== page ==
Experts have long believed Parkinson’s disease risk rises with herbicide and pesticide exposure. Italian researchers who reviewed 104 studies from around the world concluded that exposure to pesticides, bug and weed killers and solvents appears to be associated with a 33 to 80 percent increased risk of developing PD. The investigators also reported that one’s PD risk doubled with exposure to specific chemical compounds that included paraquat, a weed killer, and two fungicides — maneb and mancozeb.
How do we know Paraquat can increase the Risk of developing Parkinsons Disease?
Research over the last two decades has shown a link between Parkinsons disease and Paraquat exposure. Because of Paraquat’s known dangers, its use has long been restricted to certified applicators.
Parkinsons disease research in the last decade includes two particularly strong studies that involve humans: a 2011 NIH study, and a 2013 Italian meta-analysis. Both provide persuasive evidence Parkinsons Disease risk is increased in farmers and people who live near near Paraquat spraying operations.
A scientist in the epidemiology branch of the NIH, Freya Kamel, told the New York Times that research regarding the link between paraquat and Parkinsons disease is persuasive.
Paraquat Parkinsons Link
Research into a paraquat Parkinsons link includes a 2013 study from UCLA which confirmed paraquat exposure increases the risk of developing Parkinsons disease.
A team of UCLA’s Fielding School of Public Health researchers studied 357 Parkinsons disease cases, along with 754 control subject adults from Central California. The team found that people living closer to farms sprayed with paraquat increased their risk of developing Parkinsons by 36 percent.
Head Injuries also Matter
The study also found that people exposed to paraquat who also suffered a head injury tripled their chances of developing Parkinson’s disease.
Researchers from Mexico’s Unidad de Medicina Familiar also found a positive link between paraquat exposure and Parkinson’s disease.
What is Paraquat?
Paraquat is N,N-dimethyl-4,4-bipyridinium dichloride, a chemical agent used primarily as an herbicide in no-till farming. (Please note: Since EPA classifies herbicides as pesticides, herbicide is a misleading euphemism). Paraquat is most often used as a spray, as some farmers find it less laborious than discing the earth or tilling it the old fashioned way. Paraquat use has increased in the last decade as more weeds have become resistant to Monsanto’s RoundUp. Paraquat use was estimated to be almost 10 million pounds annually in 2017 in the USA.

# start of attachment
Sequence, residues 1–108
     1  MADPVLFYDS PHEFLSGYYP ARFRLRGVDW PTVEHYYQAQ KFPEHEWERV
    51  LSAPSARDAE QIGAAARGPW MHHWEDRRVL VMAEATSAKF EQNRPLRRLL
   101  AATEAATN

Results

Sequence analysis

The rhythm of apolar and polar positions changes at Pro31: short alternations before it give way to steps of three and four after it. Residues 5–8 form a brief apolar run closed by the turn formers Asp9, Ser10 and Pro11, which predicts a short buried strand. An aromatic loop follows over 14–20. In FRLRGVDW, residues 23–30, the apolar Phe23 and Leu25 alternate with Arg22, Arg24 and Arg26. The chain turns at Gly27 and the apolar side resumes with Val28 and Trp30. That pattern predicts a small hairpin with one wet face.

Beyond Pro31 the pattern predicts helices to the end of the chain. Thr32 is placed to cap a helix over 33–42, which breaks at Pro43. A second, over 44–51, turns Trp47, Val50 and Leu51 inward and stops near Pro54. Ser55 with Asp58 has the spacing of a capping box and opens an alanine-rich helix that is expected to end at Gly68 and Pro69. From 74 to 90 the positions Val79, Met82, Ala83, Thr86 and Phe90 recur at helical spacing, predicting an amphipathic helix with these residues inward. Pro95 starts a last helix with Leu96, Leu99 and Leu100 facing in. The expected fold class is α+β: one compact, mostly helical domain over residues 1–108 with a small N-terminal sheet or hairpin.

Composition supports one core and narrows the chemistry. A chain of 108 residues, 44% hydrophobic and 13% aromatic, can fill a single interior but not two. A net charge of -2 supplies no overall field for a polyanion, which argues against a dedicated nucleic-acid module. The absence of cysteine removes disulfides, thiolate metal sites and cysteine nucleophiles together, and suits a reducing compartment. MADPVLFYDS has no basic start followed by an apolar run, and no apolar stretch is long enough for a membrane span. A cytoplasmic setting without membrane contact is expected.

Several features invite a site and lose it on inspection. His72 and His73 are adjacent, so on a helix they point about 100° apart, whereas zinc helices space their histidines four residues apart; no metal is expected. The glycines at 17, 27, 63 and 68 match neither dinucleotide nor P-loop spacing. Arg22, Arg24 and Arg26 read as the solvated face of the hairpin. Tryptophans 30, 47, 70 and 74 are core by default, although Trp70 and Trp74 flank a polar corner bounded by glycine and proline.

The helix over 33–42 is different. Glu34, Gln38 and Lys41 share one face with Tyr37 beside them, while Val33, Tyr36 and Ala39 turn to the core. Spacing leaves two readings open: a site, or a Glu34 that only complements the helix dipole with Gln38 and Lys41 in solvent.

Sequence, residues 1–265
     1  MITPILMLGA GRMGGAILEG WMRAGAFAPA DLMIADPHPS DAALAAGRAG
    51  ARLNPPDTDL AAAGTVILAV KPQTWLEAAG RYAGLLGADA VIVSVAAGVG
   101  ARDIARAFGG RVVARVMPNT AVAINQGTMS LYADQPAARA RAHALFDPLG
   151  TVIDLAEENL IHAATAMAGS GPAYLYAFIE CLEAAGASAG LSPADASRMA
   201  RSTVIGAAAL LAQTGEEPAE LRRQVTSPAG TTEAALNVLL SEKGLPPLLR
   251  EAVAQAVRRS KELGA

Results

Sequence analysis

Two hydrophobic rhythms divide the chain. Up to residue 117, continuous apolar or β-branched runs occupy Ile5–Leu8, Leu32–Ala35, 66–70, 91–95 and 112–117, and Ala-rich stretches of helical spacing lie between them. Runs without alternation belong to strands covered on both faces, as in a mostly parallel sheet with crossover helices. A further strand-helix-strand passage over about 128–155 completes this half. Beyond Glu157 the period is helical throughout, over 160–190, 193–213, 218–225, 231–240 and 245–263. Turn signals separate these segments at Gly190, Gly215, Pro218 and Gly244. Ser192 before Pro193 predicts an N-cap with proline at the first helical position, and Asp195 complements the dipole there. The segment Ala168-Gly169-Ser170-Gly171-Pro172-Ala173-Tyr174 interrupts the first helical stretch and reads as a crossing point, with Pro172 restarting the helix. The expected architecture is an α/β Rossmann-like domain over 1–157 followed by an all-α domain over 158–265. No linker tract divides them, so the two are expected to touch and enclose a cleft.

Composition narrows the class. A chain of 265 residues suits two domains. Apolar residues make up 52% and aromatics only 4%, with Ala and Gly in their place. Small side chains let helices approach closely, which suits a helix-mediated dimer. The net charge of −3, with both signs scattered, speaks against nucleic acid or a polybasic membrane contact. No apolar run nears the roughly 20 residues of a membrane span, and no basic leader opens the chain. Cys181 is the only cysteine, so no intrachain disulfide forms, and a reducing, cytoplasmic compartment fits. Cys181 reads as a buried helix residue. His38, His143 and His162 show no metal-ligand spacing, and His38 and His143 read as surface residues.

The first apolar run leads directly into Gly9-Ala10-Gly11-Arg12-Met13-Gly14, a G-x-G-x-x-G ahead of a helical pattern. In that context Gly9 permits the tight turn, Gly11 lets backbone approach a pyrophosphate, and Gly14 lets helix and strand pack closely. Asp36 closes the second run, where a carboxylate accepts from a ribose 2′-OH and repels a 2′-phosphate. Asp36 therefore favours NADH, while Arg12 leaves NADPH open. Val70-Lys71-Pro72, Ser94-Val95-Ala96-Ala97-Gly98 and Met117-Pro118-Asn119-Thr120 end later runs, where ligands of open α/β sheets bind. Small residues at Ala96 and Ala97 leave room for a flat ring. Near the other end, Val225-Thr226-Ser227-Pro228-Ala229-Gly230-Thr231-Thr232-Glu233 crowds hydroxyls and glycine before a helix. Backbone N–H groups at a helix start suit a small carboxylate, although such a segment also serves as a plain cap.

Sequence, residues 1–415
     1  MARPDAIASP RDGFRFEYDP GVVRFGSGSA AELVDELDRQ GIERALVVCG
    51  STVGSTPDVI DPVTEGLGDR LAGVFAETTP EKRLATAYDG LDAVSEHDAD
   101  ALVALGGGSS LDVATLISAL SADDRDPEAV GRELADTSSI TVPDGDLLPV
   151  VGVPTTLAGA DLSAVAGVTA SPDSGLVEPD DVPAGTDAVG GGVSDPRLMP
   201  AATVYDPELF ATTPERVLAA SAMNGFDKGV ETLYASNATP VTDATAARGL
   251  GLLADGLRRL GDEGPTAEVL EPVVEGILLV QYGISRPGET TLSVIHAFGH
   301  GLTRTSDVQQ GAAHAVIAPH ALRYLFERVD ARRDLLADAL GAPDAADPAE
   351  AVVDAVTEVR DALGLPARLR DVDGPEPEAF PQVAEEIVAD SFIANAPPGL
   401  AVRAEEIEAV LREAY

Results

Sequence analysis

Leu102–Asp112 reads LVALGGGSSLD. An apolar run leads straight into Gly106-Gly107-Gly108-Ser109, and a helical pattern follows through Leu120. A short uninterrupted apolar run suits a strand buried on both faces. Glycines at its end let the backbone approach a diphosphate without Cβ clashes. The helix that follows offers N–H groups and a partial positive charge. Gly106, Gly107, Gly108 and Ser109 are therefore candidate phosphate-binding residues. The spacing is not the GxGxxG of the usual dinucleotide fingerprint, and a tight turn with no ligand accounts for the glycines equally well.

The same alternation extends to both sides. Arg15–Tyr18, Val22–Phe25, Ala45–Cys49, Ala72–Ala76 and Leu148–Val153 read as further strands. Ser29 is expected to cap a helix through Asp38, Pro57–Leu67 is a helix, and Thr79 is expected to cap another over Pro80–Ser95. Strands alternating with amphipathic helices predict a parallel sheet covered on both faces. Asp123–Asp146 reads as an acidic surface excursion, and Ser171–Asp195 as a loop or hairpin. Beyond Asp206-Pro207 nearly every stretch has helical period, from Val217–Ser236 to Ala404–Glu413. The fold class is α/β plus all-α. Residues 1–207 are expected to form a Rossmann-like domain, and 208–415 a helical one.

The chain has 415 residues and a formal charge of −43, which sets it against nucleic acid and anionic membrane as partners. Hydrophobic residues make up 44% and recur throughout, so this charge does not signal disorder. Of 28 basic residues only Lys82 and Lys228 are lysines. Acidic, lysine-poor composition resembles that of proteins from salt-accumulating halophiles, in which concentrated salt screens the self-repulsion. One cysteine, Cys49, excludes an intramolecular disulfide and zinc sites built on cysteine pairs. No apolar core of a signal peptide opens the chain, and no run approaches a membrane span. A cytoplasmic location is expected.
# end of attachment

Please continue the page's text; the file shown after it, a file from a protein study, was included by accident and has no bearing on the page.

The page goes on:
Paraquat Lethal Dosage
Paraquat is so dangerous that ingesting a dose of just 2.5 grams can be lethal. Consequently, the poison has been used by many suicides or been the culprit in many accidental deaths.
While paraquat’s immediate effects can be inarguably deadly, paraquat exposure may pose an even greater threat to farmers, pesticide applicators, tank fillers/mixers, families living near applications.
Does Exposure to Pesticides, Herbicides, Other Pollutants Increase Parkinson’s Disease Risk?
An 89-study meta analysis that included six prospective and 83 case-control studies found exposure to pesticides could increase PD risk as much as 80%. Exposure to paraquat or to fungicides maneb or mancozeb can be particularly toxic, increasing PD risk almost 2-fold. Many of the agents studied are no longer used in the US and Europe; though some are still used in countries with fewer civilized protections from agri-poison corporations.
In case-control studies, PD was associated with exposure to any type of pesticide, herbicide, insecticide, and solvent. Risks ranged from 33% to 80%. Increased PD risk was also linked with proxy conditions of exposure to organic pollutants such as farming, well-water drinking, and rural living. Risk seemed to increase with length of exposure.
No One Definitive Cause of Parkinson’s
No biomarkers or objective screening tests indicate one has Parkinson’s. Some medical experts have shown, instead, a constellation of factors linked to PD.
Many experts believe the disease may sometimes stem from a mixture of genetic and environmental factors, but that most cases of Parkinson’s are “idiopathic” —
The average age of onset of Parkinson’s disease is 60 years old, and men are more likely than women to develop PD.
In addition, those with a parent or sibling affected by PD have an approximately two times greater chance of developing it themselves.